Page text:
Tennessee State Parks Provide 7 New All-Terrain Wheelchairs

Monday, March 11, 2024 | 02:16pm

Tennessee State Parks today announced the availability of new all-terrain wheelchairs at seven state parks, enhancing accessibility for visitors and bringing the total of parks with the wheelchairs to 12.

The announcement is especially timely at Cummins Falls State Park, which has a new 3,600 sq. ft. ADA accessible overlook at the end of the .4-mile Falls Overlook Trail. Non-electric wheelchairs can also access the overlook.

The announcement of the seven wheelchairs comes on the same day as Disability Advocacy Day in Tennessee.

“We are delighted to offer this service,” said Greer Tidwell, deputy commissioner of Conservation for the Tennessee Department of Environment and Conservation (TDEC). “We intend to serve every person who wants to visit our parks, and we are dedicated to making the experience the best it can be for everyone. We are grateful to Governor Bill Lee and the Tennessee General Assembly for the funding to make this happen.”

The parks offering all-terrain wheelchairs beginning today are:

Cove Lake State Park

Cumberland Mountain State Park

Cummins Falls State Park

Chickasaw State Park

Long Hunter State Park

Natchez Trace State Park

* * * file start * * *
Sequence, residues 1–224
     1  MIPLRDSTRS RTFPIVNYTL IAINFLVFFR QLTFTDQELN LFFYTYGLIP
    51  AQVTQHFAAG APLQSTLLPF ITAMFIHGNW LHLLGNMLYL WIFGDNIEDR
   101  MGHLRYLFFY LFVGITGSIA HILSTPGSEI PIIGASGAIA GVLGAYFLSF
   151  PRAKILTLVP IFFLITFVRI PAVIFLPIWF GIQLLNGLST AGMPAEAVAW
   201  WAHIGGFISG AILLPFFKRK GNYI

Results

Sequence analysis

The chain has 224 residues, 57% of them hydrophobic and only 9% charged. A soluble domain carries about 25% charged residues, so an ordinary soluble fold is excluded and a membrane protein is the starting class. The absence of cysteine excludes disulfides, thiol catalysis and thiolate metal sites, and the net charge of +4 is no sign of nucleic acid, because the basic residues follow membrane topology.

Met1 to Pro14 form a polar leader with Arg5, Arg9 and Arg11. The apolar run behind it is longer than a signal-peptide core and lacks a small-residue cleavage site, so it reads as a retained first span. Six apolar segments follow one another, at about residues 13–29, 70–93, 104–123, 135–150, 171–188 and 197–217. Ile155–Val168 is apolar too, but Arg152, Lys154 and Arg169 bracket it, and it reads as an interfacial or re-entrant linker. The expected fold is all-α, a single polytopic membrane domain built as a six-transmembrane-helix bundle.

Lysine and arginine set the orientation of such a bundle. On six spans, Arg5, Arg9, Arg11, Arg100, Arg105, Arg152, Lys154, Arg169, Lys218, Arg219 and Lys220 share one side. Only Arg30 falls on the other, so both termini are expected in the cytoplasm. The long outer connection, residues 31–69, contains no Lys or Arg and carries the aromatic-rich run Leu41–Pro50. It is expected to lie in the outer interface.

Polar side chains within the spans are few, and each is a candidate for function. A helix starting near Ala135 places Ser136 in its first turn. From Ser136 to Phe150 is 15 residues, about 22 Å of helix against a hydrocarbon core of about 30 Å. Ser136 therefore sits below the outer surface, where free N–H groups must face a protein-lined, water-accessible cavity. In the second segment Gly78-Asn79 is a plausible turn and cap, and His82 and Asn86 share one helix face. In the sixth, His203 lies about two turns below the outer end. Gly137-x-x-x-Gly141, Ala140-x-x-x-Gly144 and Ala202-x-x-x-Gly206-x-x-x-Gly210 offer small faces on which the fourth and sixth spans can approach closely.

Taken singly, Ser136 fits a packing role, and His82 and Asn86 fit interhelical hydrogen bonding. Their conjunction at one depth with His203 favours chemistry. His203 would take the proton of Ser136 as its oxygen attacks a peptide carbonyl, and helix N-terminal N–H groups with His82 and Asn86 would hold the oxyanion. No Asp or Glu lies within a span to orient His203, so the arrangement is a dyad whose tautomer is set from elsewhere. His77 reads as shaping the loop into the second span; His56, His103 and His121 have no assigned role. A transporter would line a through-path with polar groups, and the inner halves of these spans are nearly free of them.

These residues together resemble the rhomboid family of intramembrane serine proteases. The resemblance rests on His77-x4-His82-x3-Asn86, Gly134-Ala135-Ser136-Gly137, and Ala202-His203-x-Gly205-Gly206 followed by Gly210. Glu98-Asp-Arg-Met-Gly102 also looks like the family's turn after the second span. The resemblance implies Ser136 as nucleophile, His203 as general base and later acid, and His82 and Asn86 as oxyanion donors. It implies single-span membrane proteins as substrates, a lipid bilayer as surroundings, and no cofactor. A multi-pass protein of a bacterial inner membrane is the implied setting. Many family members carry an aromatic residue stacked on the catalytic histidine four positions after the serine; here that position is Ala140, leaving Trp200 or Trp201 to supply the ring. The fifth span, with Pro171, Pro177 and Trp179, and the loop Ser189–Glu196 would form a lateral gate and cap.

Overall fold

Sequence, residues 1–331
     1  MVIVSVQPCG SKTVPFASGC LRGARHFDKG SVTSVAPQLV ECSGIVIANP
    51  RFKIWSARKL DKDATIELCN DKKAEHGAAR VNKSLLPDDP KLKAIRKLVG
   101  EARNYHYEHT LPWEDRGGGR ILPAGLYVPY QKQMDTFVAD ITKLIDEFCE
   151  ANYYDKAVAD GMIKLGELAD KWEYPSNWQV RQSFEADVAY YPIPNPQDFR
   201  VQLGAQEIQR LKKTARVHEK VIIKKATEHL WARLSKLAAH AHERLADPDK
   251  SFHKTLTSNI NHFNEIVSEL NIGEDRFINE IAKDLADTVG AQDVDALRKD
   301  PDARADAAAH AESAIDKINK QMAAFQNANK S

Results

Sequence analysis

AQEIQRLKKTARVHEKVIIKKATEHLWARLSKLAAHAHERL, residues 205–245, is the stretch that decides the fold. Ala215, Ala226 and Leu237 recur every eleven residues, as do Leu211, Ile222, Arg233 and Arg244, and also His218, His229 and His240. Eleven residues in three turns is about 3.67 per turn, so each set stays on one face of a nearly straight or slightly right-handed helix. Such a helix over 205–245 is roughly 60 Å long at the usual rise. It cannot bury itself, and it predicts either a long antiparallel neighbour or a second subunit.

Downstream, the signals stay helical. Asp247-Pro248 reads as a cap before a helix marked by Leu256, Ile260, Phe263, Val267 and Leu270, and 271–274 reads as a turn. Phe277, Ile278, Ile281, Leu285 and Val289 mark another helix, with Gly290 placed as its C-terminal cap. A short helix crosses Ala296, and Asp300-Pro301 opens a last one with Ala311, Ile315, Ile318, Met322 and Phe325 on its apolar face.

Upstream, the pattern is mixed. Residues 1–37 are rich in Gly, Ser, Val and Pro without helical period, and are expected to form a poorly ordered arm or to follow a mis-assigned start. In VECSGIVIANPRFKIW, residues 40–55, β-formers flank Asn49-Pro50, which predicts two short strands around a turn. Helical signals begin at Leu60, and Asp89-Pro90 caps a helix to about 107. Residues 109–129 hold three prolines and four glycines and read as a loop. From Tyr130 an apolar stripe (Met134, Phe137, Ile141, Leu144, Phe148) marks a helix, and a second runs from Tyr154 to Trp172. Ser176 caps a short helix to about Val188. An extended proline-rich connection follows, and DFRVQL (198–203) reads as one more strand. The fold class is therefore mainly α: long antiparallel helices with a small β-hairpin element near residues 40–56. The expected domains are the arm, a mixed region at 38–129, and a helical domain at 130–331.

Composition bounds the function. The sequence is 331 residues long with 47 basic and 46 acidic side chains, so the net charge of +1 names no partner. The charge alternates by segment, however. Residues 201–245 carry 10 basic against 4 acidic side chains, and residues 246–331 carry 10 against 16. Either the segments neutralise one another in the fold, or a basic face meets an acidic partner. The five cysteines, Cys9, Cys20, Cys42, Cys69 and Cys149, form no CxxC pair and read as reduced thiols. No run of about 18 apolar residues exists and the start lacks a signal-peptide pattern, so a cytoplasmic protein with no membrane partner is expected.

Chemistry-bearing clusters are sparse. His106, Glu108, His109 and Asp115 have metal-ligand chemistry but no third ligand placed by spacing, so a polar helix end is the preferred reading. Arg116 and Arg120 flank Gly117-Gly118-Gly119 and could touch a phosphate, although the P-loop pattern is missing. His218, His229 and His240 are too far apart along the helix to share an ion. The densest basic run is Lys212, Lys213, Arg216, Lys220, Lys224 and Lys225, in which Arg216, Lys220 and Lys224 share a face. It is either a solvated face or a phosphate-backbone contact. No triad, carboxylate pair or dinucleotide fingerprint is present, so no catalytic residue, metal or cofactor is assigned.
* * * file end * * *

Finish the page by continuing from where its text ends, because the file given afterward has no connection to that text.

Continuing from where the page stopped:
Warriors’ Path State Park

“We must remove barriers for everyone with disabilities, and these all-terrain wheelchairs are an important step for our parks,” said Rep. Sam Whitson, R-Franklin, who introduced the resolution declaring today as Disability Advocacy Day. “We want all Tennesseans to enjoy our parks, and the wheelchairs are just one way to show that commitment.”      

The wheelchairs announced today follow the availability of wheelchairs at Radnor Lake State Park, Tims Ford State Park, Lamar Alexander Rocky Fork State Park, Henry Horton State Park, and Booker T. Washington State Park.

All-terrain wheelchairs are designed to navigate a wide range of terrains. They give visitors with limited mobility the opportunity to access and enjoy outdoor recreation that might otherwise be inaccessible. The chairs are free to the public and available for both children and adults. They can be operated independently and offer the option of allowing caretaker control.  

It is possible to request an all-terrain chair upon arrival at a park, but it may already be reserved for another guest, so visitors are asked to give advance notice of the need for a chair. TDEC is working to expand access to all-terrain wheelchairs in parks across the state.

Governor Lee has stated the goal of having the “most accessible park system in the nation.” He and the General Assembly appropriated over $1.2 million for all-terrain wheelchairs to be placed in the parks system, along with $1.6 million to make improvements to trail accessibility.

For more information about accessibility in Tennessee State Parks visit this link. To make a reservation to utilize an all-terrain wheelchair, visit this link.